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Thursday, 29 May 2003
Page: 15471

Mr LAURIE FERGUSON (2:52 PM) —My question is directed to the Minister for Immigration and Multicultural and Indigenous Affairs. I refer to the minister's last answer and ask: on what date did the minister or his department first become aware of the visa applicant's relatives in Australia, specifically the three sisters? On what date did Bishop Darwish first write to or contact the minister or his department? Will the minister confirm that the matters are—

Mrs Bronwyn Bishop —Mr Speaker, I rise on a point of order.

The SPEAKER —The member for Blaxland seemed to find it very useful to make sure that points on order on my left were heard. He might extend the same courtesy to members on my right.

Mrs Bronwyn Bishop —Mr Speaker, I rise on a point of order. Standing order 76 says that `all imputations of improper motives' which are implied shall in fact be considered `highly disorderly.' Standing order 77 says that if it is disorderly you must intervene. You then go to standing order 303, 304A or 306 and request that the member either desist or be removed from the House. The imputations that the member is making are quite plain and clear to see. Accordingly, Mr Speaker, I would ask you to rule in accordance with standing orders 303, 304A or 306.

Mr Abbott —Mr Speaker, on the point of order, everything that the member for Reid has asked and said in this House yesterday and today is an allegation, in effect, of improper conduct. If the member for Reid wants to proceed that way, there are clear forms under the standing orders. If the member for Reid wants to proceed that way, he must move a substantive motion. This disgusting fishing expedition should be ruled out of order.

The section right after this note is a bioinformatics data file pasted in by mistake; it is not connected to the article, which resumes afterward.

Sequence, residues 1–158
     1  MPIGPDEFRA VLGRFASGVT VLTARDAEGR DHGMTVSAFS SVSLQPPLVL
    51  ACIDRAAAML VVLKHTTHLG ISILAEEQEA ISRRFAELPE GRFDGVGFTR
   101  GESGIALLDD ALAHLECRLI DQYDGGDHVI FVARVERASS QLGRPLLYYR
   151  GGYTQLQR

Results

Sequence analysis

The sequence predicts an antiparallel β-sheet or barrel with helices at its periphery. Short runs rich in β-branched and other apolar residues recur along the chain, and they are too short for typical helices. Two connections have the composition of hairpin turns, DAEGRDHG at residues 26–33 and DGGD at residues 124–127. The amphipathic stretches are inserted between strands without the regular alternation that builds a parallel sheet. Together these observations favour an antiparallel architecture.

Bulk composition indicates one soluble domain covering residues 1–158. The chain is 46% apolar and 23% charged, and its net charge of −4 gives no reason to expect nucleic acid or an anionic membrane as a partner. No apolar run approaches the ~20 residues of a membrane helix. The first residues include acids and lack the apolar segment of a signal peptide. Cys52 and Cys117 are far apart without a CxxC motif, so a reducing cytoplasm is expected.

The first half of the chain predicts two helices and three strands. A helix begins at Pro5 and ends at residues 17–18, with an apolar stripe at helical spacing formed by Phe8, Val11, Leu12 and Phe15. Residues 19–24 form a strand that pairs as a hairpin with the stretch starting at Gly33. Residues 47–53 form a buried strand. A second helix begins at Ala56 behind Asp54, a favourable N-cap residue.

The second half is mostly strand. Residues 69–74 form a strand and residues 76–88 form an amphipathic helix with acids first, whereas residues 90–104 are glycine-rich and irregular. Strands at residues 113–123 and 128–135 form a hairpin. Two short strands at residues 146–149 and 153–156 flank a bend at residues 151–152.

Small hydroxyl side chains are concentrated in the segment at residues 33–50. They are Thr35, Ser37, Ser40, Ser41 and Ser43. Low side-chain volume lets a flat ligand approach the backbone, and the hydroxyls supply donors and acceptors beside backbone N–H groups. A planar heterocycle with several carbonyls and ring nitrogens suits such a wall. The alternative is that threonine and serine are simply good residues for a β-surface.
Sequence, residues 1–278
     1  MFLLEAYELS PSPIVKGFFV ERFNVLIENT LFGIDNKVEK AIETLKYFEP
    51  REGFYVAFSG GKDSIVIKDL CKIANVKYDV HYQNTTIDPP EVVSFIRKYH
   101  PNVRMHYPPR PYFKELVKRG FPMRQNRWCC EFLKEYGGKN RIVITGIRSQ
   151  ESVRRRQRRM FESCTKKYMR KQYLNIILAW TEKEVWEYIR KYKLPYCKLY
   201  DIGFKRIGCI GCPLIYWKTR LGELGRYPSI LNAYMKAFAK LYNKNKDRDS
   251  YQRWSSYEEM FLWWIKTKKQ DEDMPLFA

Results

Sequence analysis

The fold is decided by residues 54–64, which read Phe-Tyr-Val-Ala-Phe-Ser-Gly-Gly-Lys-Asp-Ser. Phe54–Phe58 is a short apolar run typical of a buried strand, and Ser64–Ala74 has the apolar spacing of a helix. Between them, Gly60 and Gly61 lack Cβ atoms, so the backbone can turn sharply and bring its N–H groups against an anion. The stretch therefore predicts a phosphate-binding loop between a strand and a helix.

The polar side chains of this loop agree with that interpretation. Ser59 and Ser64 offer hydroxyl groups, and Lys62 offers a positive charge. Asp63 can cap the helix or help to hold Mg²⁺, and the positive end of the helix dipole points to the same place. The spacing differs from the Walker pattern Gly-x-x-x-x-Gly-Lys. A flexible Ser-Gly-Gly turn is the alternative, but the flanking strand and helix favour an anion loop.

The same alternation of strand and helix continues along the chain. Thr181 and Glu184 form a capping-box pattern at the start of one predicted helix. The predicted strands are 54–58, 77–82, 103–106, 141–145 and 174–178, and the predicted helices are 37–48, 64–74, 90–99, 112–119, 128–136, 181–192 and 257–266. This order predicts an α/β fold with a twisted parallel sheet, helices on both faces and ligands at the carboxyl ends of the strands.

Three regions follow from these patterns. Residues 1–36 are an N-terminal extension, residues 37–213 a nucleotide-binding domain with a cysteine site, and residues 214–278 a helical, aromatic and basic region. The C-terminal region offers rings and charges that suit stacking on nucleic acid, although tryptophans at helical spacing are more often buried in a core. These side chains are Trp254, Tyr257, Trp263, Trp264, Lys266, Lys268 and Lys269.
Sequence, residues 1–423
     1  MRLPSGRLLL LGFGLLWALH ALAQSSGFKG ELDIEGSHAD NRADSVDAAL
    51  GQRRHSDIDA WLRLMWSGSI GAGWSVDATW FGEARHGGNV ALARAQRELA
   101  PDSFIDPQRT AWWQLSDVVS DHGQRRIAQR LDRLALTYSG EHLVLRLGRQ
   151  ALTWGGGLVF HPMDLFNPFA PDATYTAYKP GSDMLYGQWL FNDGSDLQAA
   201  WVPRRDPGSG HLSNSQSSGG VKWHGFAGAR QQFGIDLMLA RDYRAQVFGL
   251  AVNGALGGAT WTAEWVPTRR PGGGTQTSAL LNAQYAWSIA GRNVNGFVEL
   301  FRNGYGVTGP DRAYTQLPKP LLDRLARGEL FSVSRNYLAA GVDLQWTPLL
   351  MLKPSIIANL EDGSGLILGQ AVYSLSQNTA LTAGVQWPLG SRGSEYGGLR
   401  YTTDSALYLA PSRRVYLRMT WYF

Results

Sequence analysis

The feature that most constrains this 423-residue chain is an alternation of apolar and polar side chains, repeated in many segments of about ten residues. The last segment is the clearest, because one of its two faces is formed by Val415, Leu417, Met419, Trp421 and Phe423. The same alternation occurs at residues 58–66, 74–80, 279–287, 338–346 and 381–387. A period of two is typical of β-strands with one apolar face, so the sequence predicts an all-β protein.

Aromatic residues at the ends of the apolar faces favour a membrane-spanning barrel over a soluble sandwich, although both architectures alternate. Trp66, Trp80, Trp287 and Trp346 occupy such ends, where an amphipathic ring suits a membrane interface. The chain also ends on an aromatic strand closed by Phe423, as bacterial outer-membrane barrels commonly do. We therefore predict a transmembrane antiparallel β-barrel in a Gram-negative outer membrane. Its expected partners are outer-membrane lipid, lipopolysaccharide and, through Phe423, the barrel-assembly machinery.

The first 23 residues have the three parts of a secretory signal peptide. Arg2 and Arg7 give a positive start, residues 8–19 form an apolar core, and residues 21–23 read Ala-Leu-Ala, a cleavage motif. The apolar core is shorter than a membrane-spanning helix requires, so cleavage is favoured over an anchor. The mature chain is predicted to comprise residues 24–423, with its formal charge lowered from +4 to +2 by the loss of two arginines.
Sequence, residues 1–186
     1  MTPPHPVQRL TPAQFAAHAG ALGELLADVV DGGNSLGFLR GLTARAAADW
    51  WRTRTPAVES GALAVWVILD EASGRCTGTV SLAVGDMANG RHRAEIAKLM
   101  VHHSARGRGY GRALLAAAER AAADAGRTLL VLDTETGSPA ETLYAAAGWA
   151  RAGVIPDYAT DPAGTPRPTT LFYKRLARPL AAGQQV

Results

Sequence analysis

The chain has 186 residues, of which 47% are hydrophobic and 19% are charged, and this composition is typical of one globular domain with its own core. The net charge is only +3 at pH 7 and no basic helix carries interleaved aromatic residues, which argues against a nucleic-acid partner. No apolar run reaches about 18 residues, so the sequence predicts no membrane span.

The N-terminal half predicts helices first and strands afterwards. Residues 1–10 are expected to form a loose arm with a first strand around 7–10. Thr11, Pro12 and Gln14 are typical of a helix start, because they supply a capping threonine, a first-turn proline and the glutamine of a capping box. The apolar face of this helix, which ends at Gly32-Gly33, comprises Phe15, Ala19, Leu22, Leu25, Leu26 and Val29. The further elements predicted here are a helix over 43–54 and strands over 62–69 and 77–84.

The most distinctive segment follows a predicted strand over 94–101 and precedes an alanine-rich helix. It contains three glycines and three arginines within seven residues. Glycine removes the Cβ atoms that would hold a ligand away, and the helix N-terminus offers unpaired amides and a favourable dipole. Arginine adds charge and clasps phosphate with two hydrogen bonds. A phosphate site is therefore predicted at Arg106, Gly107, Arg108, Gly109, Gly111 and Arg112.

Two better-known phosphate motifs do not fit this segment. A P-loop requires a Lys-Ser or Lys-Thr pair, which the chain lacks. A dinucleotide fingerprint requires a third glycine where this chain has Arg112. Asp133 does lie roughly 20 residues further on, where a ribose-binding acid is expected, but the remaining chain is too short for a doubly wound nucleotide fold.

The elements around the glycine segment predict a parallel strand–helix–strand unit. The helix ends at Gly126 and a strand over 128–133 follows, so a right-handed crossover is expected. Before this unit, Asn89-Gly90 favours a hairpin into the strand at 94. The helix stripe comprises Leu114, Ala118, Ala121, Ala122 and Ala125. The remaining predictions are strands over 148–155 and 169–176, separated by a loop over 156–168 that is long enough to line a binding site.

The SPEAKER —There are of course forms of the House and substantive motions for when allegations of improper conduct are being made. I have listened closely to the member as he has asked each question and he has, to date, asked the minister to nominate a series of dates. I have not considered that to be out of order. Whether or not the minister takes that as a question without notice is entirely the minister's prerogative but it is a reasonable question.

Mr LAURIE FERGUSON —Will the minister confirm that the two matters detailed today are the limit of the alleged new information received after 31 August 2001?

Mr RUDDOCK (Minister for Immigration and Multicultural and Indigenous Affairs and Minister Assisting the Prime Minister for Reconciliation) —In relation to the way in which this matter was dealt with, the first document I would have seen was on 1 October 1998. That was an intervention request which was in the form of a schedule, in which no reference was made to the gentleman's family. The second relevant document is the letter from the member for Parramatta. I probably have the date of it, but I refreshed my memory earlier by reading it. The questions in relation to his family were not raised in that matter. I outlined that in response to the earlier question. The bishop wrote to me on 27 September after I had met with him on 25 September 2001. I have no idea whether my department may have received any other advice.

Mr Crean —Find out.

Mr RUDDOCK —I could ask but I do not think it is relevant because it was not before me at the time I first considered the matter. It was not before me or the department at the time Mr Cameron wrote his letter but it was before me when I made the decision in January 2002. I simply affirm what I said before. The fact is, I considered it at that time. The letter that initiated this matter followed our meeting with the bishop on 25 September 2001 and the letter was written on 27 September.